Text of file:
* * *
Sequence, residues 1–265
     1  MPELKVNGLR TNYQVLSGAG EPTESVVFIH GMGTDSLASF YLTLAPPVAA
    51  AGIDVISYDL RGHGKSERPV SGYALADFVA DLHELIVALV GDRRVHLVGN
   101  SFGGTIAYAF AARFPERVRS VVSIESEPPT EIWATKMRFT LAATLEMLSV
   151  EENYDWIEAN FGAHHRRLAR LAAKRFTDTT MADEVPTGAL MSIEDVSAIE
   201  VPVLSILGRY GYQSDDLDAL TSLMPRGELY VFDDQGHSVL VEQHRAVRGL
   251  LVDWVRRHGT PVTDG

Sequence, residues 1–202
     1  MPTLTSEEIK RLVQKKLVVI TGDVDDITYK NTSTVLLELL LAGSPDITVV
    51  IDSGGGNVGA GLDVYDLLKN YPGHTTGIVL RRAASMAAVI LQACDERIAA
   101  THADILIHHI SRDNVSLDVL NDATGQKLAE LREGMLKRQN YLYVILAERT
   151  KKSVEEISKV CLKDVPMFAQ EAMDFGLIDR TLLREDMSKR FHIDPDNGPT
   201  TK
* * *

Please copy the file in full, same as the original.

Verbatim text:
Sequence, residues 1–265
     1  MPELKVNGLR TNYQVLSGAG EPTESVVFIH GMGTDSLASF YLTLAPPVAA
    51  AGIDVISYDL RGHGKSERPV SGYALADFVA DLHELIVALV GDRRVHLVGN
   101  SFGGTIAYAF AARFPERVRS VVSIESEPPT EIWATKMRFT LAATLEMLSV
   151  EENYDWIEAN FGAHHRRLAR LAAKRFTDTT MADEVPTGAL MSIEDVSAIE
   201  VPVLSILGRY GYQSDDLDAL TSLMPRGELY VFDDQGHSVL VEQHRAVRGL
   251  LVDWVRRHGT PVTDG

Sequence, residues 1–202
     1  MPTLTSEEIK RLVQKKLVVI TGDVDDITYK NTSTVLLELL LAGSPDITVV
    51  IDSGGGNVGA GLDVYDLLKN YPGHTTGIVL RRAASMAAVI LQACDERIAA
   101  THADILIHHI SRDNVSLDVL NDATGQKLAE LREGMLKRQN YLYVILAERT
   151  KKSVEEISKV CLKDVPMFAQ EAMDFGLIDR TLLREDMSKR FHIDPDNGPT
   201  TK